Review of Re-Thinking Autism: Diagnosis, Identity and Equality (Timimi, Mallett Runswick-Cole Eds.)

Volume 1. No. 5

Review of Re-Thinking Autism: Diagnosis, Identity and Equality (Timimi, Mallett Runswick-Cole Eds.)


July 11, 2017

By William M. Arnold



This is a review by a lay individual on the fringes of Autism, not used to academic styles of literature or deeply read on the topic. In effect the type of individual I feel the book is aimed at.



Review of Re-Thinking Autism: Diagnosis, Identity and Equality (Timimi, Mallett Runswick-Cole Eds.)

By William M Arnold

Why review this book when the closest "qualification" to justify it is a low grade A level pass in Biology? To myself I reply, why not? Perhaps my lack of tuition and expertise will give me a viewpoint unsullied by some of the undignified scholastic squabbling that this work seems to invoke. Well here goes. The Book is entitled Rethinking Autism: diagnosing identity and equality and is made up of a series of essays  that seem to be concerned with more than just the strict limits of autism and, to my untrained eye, seem to refer to autistic spectrum disorders, which is probably the fault of the title, not the essayists. In general, the articles are well referenced, well written and readable. To some, this might render them unacademic but perhaps the tendency to discuss individual cases from a narrative viewpoint is the standard expected from the field. My desire for true scientific understanding lies in the use of the specific to illustrate the general, not the general being deduced from the general. What is wrong with statistics? The underlying premise that because an individual has been damaged by a diagnosis or misdiagnosis of "autism", everyone is in the same position, is highly suspect.

I may be being harsh but is it unjustified that is debatable? .My distrust goes back to the general introduction which makes the claim to be the "first edited collection that is firmly located in the previously non-existent field of critical autism. Echoes of vain glory I invent a name and boast to be the first to use it". Could I invent a field of critical tax studies and claim to be the first critical analyst of government fiscal policy? The introduction goes downhill when it claims that critical autism studies are concerned with two questions: "1. Is the diagnosis of autism scientifically valid? and 2. Is the diagnosis of Autism useful in the lives of people so labelled, their families and allies?" As for 1, first define Autism as a description of a set of observable behaviour patterns. It certainly exists and which of the very many diverse attempts to explain it are unscientific - surely not all of them? If so, how have our brave pioneers risen above the whole mass of psychological ineptitude that their statement to be valid must presuppose? Statement 2 is not as bad and can be read as - are modern diagnostics resulting in treatment that is ameliorative, curative or socially damaging? This seems to be a fair question - perhaps they should have invented another new field of critical psychiatric practice studies?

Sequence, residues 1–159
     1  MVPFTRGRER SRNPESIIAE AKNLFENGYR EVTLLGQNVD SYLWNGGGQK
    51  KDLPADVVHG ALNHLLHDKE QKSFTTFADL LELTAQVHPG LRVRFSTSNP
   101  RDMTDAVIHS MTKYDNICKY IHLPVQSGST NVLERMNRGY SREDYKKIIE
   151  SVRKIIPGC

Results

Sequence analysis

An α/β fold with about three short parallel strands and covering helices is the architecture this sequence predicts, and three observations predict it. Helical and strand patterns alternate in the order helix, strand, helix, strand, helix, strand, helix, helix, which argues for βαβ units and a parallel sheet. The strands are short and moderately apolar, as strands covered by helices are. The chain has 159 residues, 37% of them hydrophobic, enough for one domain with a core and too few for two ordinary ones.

A totalitarian subtext then begins to emerge: "The authors in this text seek to examine the pseudo-scientific claims upon which autism is deemed to be a biological disorder. That is to say Our brave pioneers have scaled Olympus and sent down the diktat to mere mortals that any one that disagrees with them is pseudo-scientific. If autism is not nature as they say, it must be nurture, so as a pseudoscientist, if autism is not biological, it must be conditioned and as such could be cured by electric shocks or near drowning, or as the American apologists for intensive interrogation say this is not torture. As a mere lay person, I would posit that there are both inherent and experiential elements that lead to the definition and diagnosis of autism.

Thats enough of my own demagoguery. Does the book do what it says on the cover, "Rethink Autism"? Not really, as it mistakes criticism for critique. The individual essays are in themselves worthwhile but when strapped together like five pencils, are still weaker than the six inch nail of orthodoxy which can be hammered deep into the hard timber of peer review without it shattering. Read this book and draw your own conclusions.  Perhaps it should have been given another title: "Contemporary diagnosis of Autism can damage your kids".




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